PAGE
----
And yes, they are ridiculously time-consuming.

Customizing your home screen with widgets that display your favorite fictional characters, actors and celebrities isn’t the hard part. All you have to do is download a custom widget app, like Widgetsmith, select 1 of 3 widget sizes you’d like, pick the photo widget and choose an image from your gallery.

Then you can move it around on your phone and place it as you please. Sure, there’s less freedom than Android, which has a range of downloadable widgets and styles on top of ones that are already integrated into the operating system, and Android doesn’t sort your apps on the page for you, so you can really put things where you want them to go, but it’s not so bad.

Curating the images I wanted on my home screen and matching them with a pastel wallpaper took me 30 minutes, tops.

It was the app customization that took forever. Granted, I made things more complicated for myself when I decided on a whim to hand-draw custom app icons for my screen to really complete the aesthetic I was going for. But I actually enjoyed that part. The frustration set in when I had to spend hours changing each and every icon individually by using the Shortcuts app.

This is the process for setting one custom icon: Go to Shortcuts, tap the plus sign on the top right corner, select “Add Action,” search “Open App,” select “Open App,” tap the blue “Choose” text, select the app you want to use a custom icon for, tap the three blue dots on the top right corner, set a shortcut name (it’s best to just use the name of the app you’re customizing for this), tap “Add to home screen,” set yet another shortcut name (again, use the name of the app you’re customizing, like “Instagram” or “Twitter”), tap the shortcut icon, tap “Choose Photo” and then finally select the custom icon image you saved in your photo gallery.

If reading all of that gave you a headache, just imagine how irritating it is to do that 10 or even 20 times. For every single app you want to change the look of.

On top of that, iOS 14 doesn’t support transparent app icons, meaning that if you want to change the shape of your app to a circle, or in my case, a cat, instead of using the boring old square tiles, you have to add even more steps to the customization process.

To create the illusion of transparency, take a screenshot of your home screen. Import that screenshot as well as a clean copy of your wallpaper into a photo editing or drawing software. Then, import your app icon on top of that. From bottom-most layer to top-most, you should have your wallpaper, screenshot and imported icons.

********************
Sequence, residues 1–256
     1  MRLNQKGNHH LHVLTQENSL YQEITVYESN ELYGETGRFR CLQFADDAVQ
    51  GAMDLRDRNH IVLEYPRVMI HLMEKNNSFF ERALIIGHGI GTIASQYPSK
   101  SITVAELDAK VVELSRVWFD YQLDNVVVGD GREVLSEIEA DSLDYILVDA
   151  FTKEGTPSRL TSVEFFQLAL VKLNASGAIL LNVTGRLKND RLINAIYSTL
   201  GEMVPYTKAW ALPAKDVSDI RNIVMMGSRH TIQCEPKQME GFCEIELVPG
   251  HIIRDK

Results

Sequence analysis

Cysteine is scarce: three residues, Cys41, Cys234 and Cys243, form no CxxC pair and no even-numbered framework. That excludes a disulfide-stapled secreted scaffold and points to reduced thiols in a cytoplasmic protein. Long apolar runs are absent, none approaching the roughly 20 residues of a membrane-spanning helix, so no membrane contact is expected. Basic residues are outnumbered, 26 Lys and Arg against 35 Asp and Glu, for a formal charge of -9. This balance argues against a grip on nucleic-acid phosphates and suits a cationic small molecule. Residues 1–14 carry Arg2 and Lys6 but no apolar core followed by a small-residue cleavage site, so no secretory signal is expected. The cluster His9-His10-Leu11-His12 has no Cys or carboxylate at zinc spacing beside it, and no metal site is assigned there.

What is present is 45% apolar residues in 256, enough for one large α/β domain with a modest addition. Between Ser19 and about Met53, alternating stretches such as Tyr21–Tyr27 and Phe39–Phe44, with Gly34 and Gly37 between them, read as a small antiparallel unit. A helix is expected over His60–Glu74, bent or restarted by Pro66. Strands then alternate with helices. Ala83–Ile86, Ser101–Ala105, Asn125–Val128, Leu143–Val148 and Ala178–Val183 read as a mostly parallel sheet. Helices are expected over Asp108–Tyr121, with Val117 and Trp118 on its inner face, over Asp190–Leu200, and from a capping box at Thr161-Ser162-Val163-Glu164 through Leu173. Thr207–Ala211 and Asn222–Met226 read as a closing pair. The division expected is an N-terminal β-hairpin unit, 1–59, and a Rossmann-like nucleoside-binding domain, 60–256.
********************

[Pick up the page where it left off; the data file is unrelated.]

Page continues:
From there, you have to individually crop the image several times so that you are left only with a square tile of the icon, and the canvas borders should be the same as the app borders. Then delete the multiply layer. Save it as a portable network graphics (PNG) file and then send it to your phone. Do this process for as many custom icons as you have … and then begin doing the Shortcut-setting process in the last paragraph.

As if that wasn’t bad enough, because the most you can do is create the illusion of transparency, you can’t move any of those custom icon apps around. They have to stay in place, otherwise the illusion of transparency is broken, and your home screen will look less like BTScore aesthetic goals and more like a discount jigsaw puzzle.

Meanwhile, our Android friends have it way too easy. Simply by downloading a launcher and customization packs, they can change their entire theme with the touch of a button. It changes everything from home screen orientation to widget aesthetics to lock screen looks to super cute fonts in less than 5 minutes.

Some of my favorite layouts integrate music widgets seamlessly into the background, are easily downloadable as complete, cohesive sets and might even make you wonder if you’re looking at a phone screen at all.

All that said, I ended up spending 3 hours on Saturday painstakingly customizing my phone. To anyone out there working on their home screen layouts, I wish you the best of luck.

To the rest of you with more patience and less free time, wait a few more years for the next iOS update. By the time Android lowkey comes up with the next big thing, maybe we’ll be allowed to customize our lock screens.